So I did all but one of the remaining races, just barely keeping the jersey to the end. I never overall won any of the races, but consistency is key here. Some years, the winner of the Tour de France doesn't win a single stage. Consistently placing well matters most.  When I think about it, winning BUMPS is really quite a marvel. I've been an asthmatic nearly all of my life and used to be 70 lbs overweight in my mid 30's. At 47, I won a climbing championship. Just goes to show what anyone can accomplish with commitment.


I went on four significant cycling trips in 2009. Family and friends trip to Hawaii in early April, spring training with Brett to North Carolina in late April, Colorado in August, and Tennessee at the end of October. Even if I never raced again, little would change in my training. Instead of training for races, I would be training for trips. The fitness I need for the kinds of racing I do is the same kind of fitness I need for the places I like to ride on trips. Lots of climbing is involved, often steeply at anaerobic levels. The weather cooperated on just one of the four trips, the solo trip out to Durango, CO. I had a flawless week out there. I'm so fond of epic rides in the high country that I would trade race wins for another week like that. I live for that kind of riding.


Ok, now for some boring stats from 2009. Interestingly, I rode the least number of miles and hours than in recent years. Surely a quality vs quantity thing going on here. Total cycling miles were about 7000, roughly two-thirds road, one-third off-road. Skiing hours were up though. I'm a firm believer that XC ski cross-training will improve your cardio base fitness by spring, not simply maintain it. I also believe XC skiing improves hip flexor strength, something many cyclist don't realize is weak until they try power cranks. Bringing hip flexors into power generation on the bike can improve efficiency. Below is a summary of my 2009 training distribution. I just achieved my overall aerobic training goal of 600 hours. What has changed dramatically from 2008 is I biked nearly as many mountain bike hours as road bike hours. I hope this pays dividends in a few 2010 off-road events.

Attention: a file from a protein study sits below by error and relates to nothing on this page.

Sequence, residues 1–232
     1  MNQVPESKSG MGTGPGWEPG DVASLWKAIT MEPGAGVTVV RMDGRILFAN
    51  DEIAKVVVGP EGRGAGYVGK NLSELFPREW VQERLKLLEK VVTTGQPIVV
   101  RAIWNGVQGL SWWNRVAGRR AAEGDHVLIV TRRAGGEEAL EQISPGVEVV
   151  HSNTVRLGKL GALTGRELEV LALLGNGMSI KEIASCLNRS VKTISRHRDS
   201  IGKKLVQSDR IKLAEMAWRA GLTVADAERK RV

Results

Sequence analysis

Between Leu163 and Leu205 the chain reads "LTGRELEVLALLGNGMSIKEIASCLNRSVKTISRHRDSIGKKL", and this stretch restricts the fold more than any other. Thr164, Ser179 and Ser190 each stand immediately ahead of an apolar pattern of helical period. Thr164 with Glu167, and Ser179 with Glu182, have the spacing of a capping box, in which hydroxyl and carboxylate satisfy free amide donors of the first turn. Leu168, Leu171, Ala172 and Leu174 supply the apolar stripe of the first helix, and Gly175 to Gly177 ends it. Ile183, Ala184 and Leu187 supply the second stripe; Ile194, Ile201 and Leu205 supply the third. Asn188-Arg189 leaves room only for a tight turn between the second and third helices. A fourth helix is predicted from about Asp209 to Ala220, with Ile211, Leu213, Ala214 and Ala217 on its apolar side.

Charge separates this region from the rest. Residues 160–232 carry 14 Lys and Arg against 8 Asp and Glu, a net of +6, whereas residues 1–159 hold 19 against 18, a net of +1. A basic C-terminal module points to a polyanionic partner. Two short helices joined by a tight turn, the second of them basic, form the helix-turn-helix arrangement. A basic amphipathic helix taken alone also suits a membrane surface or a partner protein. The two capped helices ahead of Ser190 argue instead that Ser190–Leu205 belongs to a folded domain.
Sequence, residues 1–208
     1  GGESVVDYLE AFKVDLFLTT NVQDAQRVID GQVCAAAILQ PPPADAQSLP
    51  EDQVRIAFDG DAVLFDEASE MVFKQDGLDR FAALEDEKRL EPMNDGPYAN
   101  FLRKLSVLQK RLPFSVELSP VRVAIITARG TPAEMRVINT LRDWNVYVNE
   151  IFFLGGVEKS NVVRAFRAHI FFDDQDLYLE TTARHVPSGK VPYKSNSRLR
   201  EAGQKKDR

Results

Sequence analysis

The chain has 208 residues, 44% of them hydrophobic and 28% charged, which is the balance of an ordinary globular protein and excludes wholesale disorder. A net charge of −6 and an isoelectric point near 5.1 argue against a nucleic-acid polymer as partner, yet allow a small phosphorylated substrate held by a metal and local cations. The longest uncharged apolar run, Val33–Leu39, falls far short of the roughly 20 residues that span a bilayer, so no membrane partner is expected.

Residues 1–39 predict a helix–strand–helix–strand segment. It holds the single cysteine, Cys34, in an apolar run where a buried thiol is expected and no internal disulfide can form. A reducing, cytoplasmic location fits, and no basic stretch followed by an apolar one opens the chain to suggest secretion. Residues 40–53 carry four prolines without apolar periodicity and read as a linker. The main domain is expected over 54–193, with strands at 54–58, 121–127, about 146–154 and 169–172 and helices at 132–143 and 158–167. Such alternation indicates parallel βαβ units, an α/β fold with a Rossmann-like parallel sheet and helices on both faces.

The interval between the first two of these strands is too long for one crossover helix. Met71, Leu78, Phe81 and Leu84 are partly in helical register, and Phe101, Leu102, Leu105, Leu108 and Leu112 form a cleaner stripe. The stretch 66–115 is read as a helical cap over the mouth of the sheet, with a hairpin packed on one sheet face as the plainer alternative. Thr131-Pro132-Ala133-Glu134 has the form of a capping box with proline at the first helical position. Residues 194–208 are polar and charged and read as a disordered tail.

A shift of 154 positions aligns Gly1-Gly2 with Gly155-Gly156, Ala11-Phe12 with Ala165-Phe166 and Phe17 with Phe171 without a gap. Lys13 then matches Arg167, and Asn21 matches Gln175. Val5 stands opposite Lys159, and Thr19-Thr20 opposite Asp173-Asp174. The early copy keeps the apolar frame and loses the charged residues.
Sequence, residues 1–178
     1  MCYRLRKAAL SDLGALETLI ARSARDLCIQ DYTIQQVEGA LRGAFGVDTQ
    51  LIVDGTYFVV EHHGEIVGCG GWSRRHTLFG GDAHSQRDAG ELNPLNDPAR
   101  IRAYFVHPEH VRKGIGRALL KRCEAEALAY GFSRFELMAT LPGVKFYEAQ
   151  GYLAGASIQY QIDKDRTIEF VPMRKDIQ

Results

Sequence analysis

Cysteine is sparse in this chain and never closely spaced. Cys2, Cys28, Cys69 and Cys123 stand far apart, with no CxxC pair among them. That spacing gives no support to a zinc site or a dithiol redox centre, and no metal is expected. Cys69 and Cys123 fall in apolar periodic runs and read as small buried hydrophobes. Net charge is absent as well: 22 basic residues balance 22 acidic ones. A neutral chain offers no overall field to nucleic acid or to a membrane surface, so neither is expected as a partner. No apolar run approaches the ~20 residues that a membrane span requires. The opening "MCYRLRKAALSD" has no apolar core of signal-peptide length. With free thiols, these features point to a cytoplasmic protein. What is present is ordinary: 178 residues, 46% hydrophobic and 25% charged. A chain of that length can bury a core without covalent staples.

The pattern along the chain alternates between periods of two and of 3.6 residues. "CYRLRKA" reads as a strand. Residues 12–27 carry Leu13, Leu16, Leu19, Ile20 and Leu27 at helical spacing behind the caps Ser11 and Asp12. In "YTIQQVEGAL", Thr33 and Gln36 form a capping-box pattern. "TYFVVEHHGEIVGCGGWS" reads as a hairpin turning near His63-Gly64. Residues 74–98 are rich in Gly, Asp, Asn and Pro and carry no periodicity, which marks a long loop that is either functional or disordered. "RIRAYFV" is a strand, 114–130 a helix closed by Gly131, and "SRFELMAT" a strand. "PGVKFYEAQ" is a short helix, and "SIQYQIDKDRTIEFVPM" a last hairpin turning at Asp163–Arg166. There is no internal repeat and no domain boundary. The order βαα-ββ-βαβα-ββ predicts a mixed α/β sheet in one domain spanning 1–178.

Then next chart shows weekly training volume. Some will look at this and ask, "where's the periodization?" It's in there, but not in a planned, textbook kind of way. Many of those hours you see there are active recovery. Also interesting to note in 2009 is that I took the most complete rest days since I started a training log in 2002, 35 days.

My mean weight over 2009 was 164.3 pounds with a standard deviation of 1.8 pounds. Too much info you say? Yeah, probably. It is one of those things I'll probably stop keeping track of in 2010. It is sufficient to know that at my activity level, 160-165 lbs corresponds to 7-9% body fat, a healthy level for a guy my age.


If you made it this far, here's what I'm thinking for 2010:
  • More MTB races, including Leadville 100 and other hundred milers.
  • Potentially a European cycling trip.
  • Target fewer hillclimbs, leaving dates open for other events I haven't tried.
  • Sub three hours in a 50k ski race. Highly conditions dependent though.
  • Dabble more in CX? Have to see how I feel about it next fall.
In a nutshell, I don't plan to change a whole lot. I have fun training the way I do and stay healthy. Hard to argue with that. What you don't see in my list are more hillclimb PR's. I can't achieve them indefinitely, and there's so many other interesting things to try on a bike.  Thanks for reading, and I wish you a successful 2010.


Mookie said...

Only 3 weeks paid vacation?! Geez, every time I read your blog I say to myself this guy must get 10 weeks of vacay a year!

What about the DTVS?

Anonymous said...

Very Lance-esque photo from Mt. Washington!
All the best to you in 2010.
-Brian from NJ

rick is! said...

I was thinking of sending a postcard into the leadville 100 this year too. I see the deadline is the end of this month.

Hill Junkie said...

No postcards this year. You must pay non-refundable $15 online to put your name in the lottery pool. If you get selected, you have option to sign up for $275.